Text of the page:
Former President of Mozambique, Joaquim Chissano, was Monday named the first winner of the Mo Ibrahim Prize for Achievement in African Leadership.
The honour will fetch Chissano US$5 million over 10 years, US$200,000 annually for life thereafter and US$200,000 a year for 10 years toward the winner’s public interest activities and good causes.
Former UN Secretary-General Kofi Annan announced the award at a ceremony in London, which was attended by the African diplomatic community, civil society representatives and the media, among others,
“President Chissano’s achievements in bringing peace, reconciliation, stable democracy and economic progress to his country greatly impressed the committee. So, too, did his decision to step down without seeking the third term the constitution allowed,” a statement posted to the Mo Ibrahim Foundation said.
Praising Chissano’s government’s economic progress, poverty reduction programmes, infrastructure development and work to tackle HIV/AIDS, Annan said: “It is his role in leading Mozambique from conflict to peace and democracy that President Chissano has made his most outstanding contribution.”
He also commended Chissano for his “major contribution outside his country’s borders” which included providing “a powerful voice for Africa on the international stage”.
Annan said “the Prize celebrates more than just good governance. It celebrates leadership. The ability to formulate a vision and to convince others of that vision; and the skill of giving courage to society to accept difficult changes in order to make possible a longer term aspiration for a better, fairer future.”
Chisssano served as Head of State of Mozambique from November 1986 to February 2005.
He won his country’s first multi-party elections in 1994 and then again in December 1999, announcing that he would step down from office in 2004.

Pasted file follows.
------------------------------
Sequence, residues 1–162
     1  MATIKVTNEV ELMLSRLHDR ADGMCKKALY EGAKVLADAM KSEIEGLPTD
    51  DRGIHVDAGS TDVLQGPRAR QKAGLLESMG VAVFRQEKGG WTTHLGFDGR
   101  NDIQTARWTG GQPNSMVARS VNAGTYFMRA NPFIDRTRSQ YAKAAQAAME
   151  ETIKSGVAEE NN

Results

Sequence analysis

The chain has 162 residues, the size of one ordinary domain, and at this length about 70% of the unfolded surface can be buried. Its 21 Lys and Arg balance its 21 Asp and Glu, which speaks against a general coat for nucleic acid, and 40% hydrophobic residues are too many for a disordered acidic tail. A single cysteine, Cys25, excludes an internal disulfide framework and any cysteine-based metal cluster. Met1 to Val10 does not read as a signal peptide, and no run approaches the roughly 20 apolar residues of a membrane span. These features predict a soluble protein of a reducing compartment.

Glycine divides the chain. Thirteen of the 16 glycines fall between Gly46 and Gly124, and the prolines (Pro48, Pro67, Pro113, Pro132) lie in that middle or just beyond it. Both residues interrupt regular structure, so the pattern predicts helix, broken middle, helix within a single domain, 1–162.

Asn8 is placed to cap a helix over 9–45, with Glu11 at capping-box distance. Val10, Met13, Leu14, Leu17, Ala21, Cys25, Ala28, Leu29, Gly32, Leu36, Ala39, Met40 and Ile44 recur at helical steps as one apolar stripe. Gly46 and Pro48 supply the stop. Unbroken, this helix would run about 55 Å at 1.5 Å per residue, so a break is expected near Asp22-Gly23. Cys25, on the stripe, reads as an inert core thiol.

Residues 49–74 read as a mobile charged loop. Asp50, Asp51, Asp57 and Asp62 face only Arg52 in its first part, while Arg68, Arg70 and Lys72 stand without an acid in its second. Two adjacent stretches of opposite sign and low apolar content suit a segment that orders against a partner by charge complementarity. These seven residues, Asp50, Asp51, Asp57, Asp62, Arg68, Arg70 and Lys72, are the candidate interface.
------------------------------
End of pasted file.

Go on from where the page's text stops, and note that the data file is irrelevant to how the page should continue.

The historic elections were held just two years after he had helped the country end, through negotiations, the 16-year civil war which had devastated Mozambique, left thousands dead and forced many to flee their homes.
He led a country whose infrastructure and economy were ruined, its society deeply divided and which suffered from sever natural disasters.
The annual Prize was established by the Mo Ibrahim, the Egyptian-born mobile phone entrepreneur and lauched in October 2006 as an African initiative to strengthen governance in Africa.
The winner was selected by the Prize Committee of six eminent individuals, who assessed every sub-Saharan African leader who has left office in the last three full calendar years on their exercise of leadership.
The Committee drew on research from the recently published Ibrahim Index of African Governance, and a range of other sources, to assess the quality of governance in the areas of economic and social development, peace and security, human rights, democracy and the rule of law.
The Prize aims to encourage leaders who fully dedicate their tenure of office to surmount the development challenges of their countries, improving the livelihoods and welfare of their people and consolidating the foundation for sustainable development.
On hearing the outcome of the Prize Committee’s deliberations, Mo Ibrahim, the founder of the Mo Ibrahim Foundation, said: “I am absolutely delighted that Joaquim Chissano has been selected as the first Laureate.
”As a man who has reconciled a divided nation and built the foundations for a stable, democratic and prosperous future for the country, he is a role-model not just for Africa, but for the rest of the world,” Ibrahim said.